How to back up fedora 37


I have fedora 37 with gnome and I want to install another fedora but I would like to know if I can make an image of my complete fedora 37 to keep it intact if I need to re install that one?

A quick search for backup software will tell you a lot.

One of the things you must know and be aware of is that fedora uses a btrfs file system and backing that up is not the same process as the older LVM & EXT4 file systems. Educate yourself and let us know what you would be working with when asking questions.

If you have a bit of time you might read on #start-here to know the type of information you could provide to help us to help you.

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I use Rescuezilla to make a clone before I upgrade to the next release
I also backup my home on a regular bases


so with the clone, you have everything like a complete image, right?

hi again, with Rescuezilla, when I boot and choose that option, when I select an hard drive, what I have on my hard drive will be erased or not? Do I need an empty hard drive to use that?

You backup data or clone the whole thing but will only work on same identical device. Professional corporate servers split the system on several duplicated storage devices as something can fail.
Simply using DNF package manager you can switch to Rawhide, Silverblue editions, any Fedora Spin : I3, SOAS, Labs : Games, Comp Neuro, Design Suite, … any desktop : XFCE, Mate, Budgie, … and magically rollback with ‘dnf autoremove’.

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yes, I use fedora 37 workstation, I want to clone it, and installing Rawhide, if I have problem I will re install fedora 37 with my clone image

I assume both root and /home are btrfs subvolumes. If so, you could use the snapshot feature of btrfs to capture their state before the upgrade, then do the upgrade and have the ability to roll back to it if things go seriously, but not horribly wrong.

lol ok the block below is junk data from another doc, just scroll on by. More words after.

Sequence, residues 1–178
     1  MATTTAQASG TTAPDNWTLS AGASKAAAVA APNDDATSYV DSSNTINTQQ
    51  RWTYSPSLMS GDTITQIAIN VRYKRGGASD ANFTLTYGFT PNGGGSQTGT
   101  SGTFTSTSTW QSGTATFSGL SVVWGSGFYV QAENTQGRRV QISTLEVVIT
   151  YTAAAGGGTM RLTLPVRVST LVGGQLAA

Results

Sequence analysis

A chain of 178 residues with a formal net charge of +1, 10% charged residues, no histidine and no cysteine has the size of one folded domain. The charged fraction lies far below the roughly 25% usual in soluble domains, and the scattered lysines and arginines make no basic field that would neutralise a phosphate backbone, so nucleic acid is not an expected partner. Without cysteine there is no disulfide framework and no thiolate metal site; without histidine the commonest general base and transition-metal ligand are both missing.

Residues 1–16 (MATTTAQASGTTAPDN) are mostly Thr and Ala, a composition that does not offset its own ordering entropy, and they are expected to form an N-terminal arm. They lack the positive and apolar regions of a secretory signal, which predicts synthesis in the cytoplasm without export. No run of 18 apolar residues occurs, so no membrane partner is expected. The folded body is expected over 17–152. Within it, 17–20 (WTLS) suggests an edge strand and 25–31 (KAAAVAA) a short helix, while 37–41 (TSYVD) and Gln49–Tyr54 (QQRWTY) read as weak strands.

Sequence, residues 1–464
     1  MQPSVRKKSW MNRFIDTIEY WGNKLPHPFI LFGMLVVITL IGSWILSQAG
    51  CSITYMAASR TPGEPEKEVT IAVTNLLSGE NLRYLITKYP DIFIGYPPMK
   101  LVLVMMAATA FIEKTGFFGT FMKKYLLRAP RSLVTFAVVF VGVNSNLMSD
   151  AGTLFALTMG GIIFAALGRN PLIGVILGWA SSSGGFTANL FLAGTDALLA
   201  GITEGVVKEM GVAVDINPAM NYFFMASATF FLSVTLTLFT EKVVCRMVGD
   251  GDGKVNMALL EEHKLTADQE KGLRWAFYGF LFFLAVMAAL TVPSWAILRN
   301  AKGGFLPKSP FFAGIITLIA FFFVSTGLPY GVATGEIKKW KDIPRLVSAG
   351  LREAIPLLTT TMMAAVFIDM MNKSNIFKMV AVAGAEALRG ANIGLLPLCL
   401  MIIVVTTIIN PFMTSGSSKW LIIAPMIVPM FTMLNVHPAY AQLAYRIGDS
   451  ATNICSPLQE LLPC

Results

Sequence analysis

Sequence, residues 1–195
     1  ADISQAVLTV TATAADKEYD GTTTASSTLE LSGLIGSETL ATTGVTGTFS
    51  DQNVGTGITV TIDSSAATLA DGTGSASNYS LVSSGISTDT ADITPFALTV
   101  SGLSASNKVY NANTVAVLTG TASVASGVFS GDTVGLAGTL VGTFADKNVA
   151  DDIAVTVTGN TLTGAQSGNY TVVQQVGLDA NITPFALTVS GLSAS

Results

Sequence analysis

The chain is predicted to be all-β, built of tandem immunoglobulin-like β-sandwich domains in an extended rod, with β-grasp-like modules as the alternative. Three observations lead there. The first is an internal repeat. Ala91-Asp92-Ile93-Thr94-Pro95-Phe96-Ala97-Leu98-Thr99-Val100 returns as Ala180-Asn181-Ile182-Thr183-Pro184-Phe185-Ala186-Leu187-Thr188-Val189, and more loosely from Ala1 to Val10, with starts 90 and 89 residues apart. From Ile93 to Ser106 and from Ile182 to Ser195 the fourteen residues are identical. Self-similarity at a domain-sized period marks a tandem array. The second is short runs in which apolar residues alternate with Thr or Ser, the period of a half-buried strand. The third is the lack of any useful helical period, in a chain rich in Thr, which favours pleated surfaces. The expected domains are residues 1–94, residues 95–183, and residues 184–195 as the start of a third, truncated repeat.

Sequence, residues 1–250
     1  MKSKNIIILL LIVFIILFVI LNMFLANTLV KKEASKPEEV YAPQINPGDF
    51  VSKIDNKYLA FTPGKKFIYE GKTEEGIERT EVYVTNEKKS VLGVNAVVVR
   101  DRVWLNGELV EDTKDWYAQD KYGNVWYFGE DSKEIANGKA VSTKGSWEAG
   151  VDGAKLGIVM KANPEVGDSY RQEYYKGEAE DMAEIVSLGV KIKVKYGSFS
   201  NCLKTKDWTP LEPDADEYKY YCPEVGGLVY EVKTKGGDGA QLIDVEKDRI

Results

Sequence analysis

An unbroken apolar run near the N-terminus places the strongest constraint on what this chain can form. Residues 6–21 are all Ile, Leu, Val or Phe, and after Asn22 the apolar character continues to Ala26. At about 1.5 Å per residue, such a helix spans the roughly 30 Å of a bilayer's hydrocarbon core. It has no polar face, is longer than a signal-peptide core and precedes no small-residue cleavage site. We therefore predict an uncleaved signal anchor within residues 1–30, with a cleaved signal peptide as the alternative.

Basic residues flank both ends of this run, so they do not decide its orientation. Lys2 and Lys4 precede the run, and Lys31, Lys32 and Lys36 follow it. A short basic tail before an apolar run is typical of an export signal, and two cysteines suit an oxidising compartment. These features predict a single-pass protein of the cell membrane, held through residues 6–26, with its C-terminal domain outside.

The snapshot obviously doesn’t protect against a hardware problem, the way an external backup would. It also doesn’t protect against some really horrible bug in the btrfs support of the new kernel.

But it is easy and quick and needs no external media and is a lot safer than not making a backup at all (also a lot safer than trusting DNF to be able to correctly and fully rollback).

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Not necessarily true on a case by case basis.

Simplest option to test without messing up the current system.

Install qemu, virt-manager, and libvirt then install a copy of F37 from the iso into a VM. Once installed then use dnf system-upgrade to upgrade the VM to rawhide and test it there.

This will totally avoid potential (likely) harm to your main OS and if the VM gets damaged and cannot be fixed it is easy to delete and reinstall a new VM. It would only require allocating about 30 - 40 GB to the VM and keep the versions of the OS isolated from each other.

I don’t understand what you are asking
It makes a clone of your drive it does not erase the drive
You do have to have a external drive for the cloned image to be saved to
What ever os you install will erase the drive
But I also use pika backup to backup my home directory just in case something went wrong whit the cloned image

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